of his being called away in the midst of
his usefulness, his young wife a widow,
with good prospect of being married
again before be Lad been dead six months.
The night was dark and his mind was as
dark as the night was, as he moved along,
turning these things over in his deep re
flection and wondering if lobster salad
was wholesome in cholera time, for he had
just partaken of a dish of that delicious
preparation, and was conscious of an un
easiness in the epigastric region. He
had taken the precaution advised by the
"Baron" to "soften the hostility" of the
salad by a sufficiency of Sauteme, or
some other fluid, and was surprised that
it affected him so. He felt uneasy in his
mind about it. But he remembered the
tales he had heard where cheerfulness
was a repellant of cholera influences, and
of the effects of dismal thoughts inducing
the dreadful disease, and he attempted
to wListle a cLeerful tune. It was a fail
ure. His whistle sounded awe like that
heard in the winter by some cranny in
an old barn, at night, when the witches
are alwut and children hide their heads
under the bed clothes for fear.
Going through Union street towards
the North End, wLere Le resided, he met
r i i i r ,
wire oi uis otu menus.
"Lots of cholera, down your way, eb,
Peasely ?" said the friend. "Mayor Big-
elow's been a overhauling Spear Place,
and found it brim fulL"
He looked at Peasely by the gas light,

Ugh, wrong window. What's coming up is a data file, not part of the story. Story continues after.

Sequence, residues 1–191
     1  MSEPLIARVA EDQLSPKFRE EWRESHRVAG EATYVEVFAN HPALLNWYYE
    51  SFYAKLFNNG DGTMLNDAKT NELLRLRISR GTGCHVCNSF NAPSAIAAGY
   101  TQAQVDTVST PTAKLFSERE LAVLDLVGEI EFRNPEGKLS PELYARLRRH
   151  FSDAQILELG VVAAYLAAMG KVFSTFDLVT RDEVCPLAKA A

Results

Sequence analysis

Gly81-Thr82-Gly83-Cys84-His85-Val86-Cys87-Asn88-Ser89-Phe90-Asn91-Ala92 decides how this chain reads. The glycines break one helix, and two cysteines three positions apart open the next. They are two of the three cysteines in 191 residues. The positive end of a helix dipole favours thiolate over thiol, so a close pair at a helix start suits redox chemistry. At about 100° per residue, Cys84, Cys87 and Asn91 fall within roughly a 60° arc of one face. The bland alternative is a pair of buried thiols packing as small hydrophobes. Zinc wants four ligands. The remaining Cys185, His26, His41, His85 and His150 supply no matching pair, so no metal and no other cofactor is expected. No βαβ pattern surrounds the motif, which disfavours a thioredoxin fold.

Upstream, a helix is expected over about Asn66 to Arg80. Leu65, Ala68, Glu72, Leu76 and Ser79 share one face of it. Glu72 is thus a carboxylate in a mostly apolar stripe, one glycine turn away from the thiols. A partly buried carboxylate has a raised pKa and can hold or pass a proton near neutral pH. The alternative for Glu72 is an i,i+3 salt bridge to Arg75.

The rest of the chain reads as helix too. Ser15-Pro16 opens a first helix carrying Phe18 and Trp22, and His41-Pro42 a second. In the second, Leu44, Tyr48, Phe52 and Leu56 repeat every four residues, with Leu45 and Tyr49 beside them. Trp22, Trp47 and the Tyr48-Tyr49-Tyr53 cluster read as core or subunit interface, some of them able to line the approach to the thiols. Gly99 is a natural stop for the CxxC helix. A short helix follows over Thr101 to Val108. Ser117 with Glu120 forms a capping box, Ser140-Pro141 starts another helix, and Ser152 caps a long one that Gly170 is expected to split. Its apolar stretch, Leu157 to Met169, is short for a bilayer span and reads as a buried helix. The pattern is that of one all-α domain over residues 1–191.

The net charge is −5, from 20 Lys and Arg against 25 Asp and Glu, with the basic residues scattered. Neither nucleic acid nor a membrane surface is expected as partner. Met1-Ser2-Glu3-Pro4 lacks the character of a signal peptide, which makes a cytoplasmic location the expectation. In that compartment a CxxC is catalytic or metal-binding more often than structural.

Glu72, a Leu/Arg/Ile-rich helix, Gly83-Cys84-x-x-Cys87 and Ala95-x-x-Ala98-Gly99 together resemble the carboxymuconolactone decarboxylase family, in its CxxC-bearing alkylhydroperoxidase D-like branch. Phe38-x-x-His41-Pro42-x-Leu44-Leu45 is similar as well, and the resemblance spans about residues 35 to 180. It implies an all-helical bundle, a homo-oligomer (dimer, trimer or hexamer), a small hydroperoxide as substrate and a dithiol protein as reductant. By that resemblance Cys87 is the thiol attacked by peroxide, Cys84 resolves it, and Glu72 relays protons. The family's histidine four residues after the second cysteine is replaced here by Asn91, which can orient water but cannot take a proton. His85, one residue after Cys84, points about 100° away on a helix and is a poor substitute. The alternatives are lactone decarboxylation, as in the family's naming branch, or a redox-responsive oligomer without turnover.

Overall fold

and saw that he was pale and unhappy.
"What's the matter ?" asked he.
"I don't feel exactly right," said he, I,
guess it isn't much, though. I've been
eating lobster salad."
"Bad stuff in cholera times," said the
friend. "You know old Timberly up by
Fort Hill well he eat two lobster claws
day before yesterday about noon, and next
morning he was dead as General Jack
son. Good night."
And the friend was off.
Peasely felt worse, and whistle' as he
might and he attempted another tune
the pain increased, as he did his pace.
"Ah, Peasely, my boy, Low are ye ?'
said Styles the policeman, as he saw Lim
scudding along with Lis Land upon his
waistcoat. '
"Pretty well," replied Peasely with an
effort. . '
"Glad of it," said Styles, "glad of it,
Great times, tLese. CLolera's all around
your neigLborbood. Seven carted away
tbis afternoon."
"Anybody tbat I know ?" asped Peasly-
"Why there's the Widow Speare, and
Jo. Bart, andUuncle Frye, and the rest
I didn't know. Don't you think that
Fry was cursed fool enough to gorge Lim
self with lobster salad and then wash it
down with brandy. Devilisb fool, wasn't
he?'
"Perhaps so," said poor Peasly, taking
hold of Lis waistcoat with redoubled
foroe ; "but is it generally so bad ?"
" Bad '" said Styles, looking earnestly
into Peasely's eyes, and, seeing the sweat
standing in globulet upon Lis face and Lis
lips as wLite as ashes, determining toguy
him ; "bad ! you bavn't seen the procla
mation of Mayor Bigelow about lobsters,
made on the recommendation of Dr.
Smith, to have all tGe lobsters thrown
into the dock and the men prosecuted for
selling of 'em ? Twas sent down to the
watch Louse to-night Smith says they're
rank pisen red cholerey's every one of
them."
How the pain took hold of Peasly, as
the policeman moved on 1 Down in Han
over street, a crowd of people attracted
Lis attention, and for a moment Le stop
ped to ascertain the cause.
What's the matter?" asked Peasly of
a bystander.
"It's a feller tbat was picked op on the